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Library update: Recent database changes

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Systematic Reviews

This guide provides tips and strategies for conducting a systematic literature review.

Choosing Databases

"There is no single database that is able to provide a complete and accurate list of all studies that meet systematic review criteria due to the differences in the articles included and the indexing methods used between databases ... These differences have led to recommendations that systematic review teams search multiple databases to maximize the likelihood of finding relevant studies."

The above quotation is from Rethlefsen, M. L., Kirtley, S., Waffenschmidt, S., Ayala, A. P., Moher, D., Page, M. J., & Koffel, J. B. (2021). PRISMA-S: an extension to the PRISMA statement for reporting literature searches in systematic reviews. Systematic reviews, 10, 1-19. (available under CC BY-NC 4.0). This article should be read if you will be following the PRISMA reporting standards.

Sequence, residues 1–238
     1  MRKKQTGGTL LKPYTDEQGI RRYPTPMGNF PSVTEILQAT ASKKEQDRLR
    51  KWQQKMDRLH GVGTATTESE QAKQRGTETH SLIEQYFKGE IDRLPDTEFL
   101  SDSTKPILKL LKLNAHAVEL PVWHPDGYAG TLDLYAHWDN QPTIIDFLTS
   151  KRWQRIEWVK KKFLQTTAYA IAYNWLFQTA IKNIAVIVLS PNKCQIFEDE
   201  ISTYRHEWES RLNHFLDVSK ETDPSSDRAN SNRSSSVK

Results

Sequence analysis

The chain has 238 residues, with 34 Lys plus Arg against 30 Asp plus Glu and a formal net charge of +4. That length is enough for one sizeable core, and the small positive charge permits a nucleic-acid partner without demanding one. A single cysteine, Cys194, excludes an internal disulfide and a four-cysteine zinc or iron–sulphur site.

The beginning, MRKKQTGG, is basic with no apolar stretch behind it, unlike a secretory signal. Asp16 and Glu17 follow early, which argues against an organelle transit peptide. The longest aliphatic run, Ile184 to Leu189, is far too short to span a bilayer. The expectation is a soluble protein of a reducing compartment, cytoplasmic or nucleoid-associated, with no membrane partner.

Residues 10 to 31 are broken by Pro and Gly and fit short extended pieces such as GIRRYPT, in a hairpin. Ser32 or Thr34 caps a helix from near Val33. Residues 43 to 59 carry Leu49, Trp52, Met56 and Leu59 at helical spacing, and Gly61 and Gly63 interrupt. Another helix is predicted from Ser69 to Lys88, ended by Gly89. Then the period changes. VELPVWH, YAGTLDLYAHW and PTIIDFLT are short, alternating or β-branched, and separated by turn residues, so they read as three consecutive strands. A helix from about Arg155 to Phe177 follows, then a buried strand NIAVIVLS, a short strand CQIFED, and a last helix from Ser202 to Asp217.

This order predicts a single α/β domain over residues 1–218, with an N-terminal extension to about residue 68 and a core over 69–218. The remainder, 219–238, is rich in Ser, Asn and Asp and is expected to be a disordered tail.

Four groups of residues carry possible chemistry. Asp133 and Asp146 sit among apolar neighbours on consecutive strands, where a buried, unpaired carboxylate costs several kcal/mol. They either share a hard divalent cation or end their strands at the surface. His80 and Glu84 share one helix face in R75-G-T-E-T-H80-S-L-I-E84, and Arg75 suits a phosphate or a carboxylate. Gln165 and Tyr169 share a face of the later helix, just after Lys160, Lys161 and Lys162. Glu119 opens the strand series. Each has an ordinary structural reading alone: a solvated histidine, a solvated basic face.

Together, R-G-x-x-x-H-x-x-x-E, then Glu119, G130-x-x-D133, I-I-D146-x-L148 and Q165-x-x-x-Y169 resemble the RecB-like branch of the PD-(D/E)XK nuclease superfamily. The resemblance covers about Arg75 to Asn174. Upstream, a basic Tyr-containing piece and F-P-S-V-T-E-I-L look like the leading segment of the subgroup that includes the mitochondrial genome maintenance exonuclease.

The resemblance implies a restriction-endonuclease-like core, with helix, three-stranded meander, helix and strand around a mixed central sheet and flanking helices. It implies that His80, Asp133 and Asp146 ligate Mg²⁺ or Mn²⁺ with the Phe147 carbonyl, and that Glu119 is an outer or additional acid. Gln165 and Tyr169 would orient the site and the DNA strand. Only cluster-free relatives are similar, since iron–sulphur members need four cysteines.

The following are examples of databases that you may find useful:

The above list is not an exhaustive of library databases that may useful, and if you will be including gray literature in your study, there may be many other sources to include. Note: When doing a systematic review, you should search specific databases. You should not include Discovery, which is part of the main search box on the library's homepage.

Be sure to meet with a librarian to discuss databases that might be most useful and how best to search them!

What Is Being Searched?

Unlike searching Google or Google Scholar, when searching most library databases, you are searching not the full-text of a publication, but the following meta-data about the publication:

  • Title
  • Abstract
  • Author-provided keywords
  • Subject headings (special indexing terms) assigned to the publication by the database provider

In EBSCO databases, by default you are also searching the author names, journal names, and affiliation.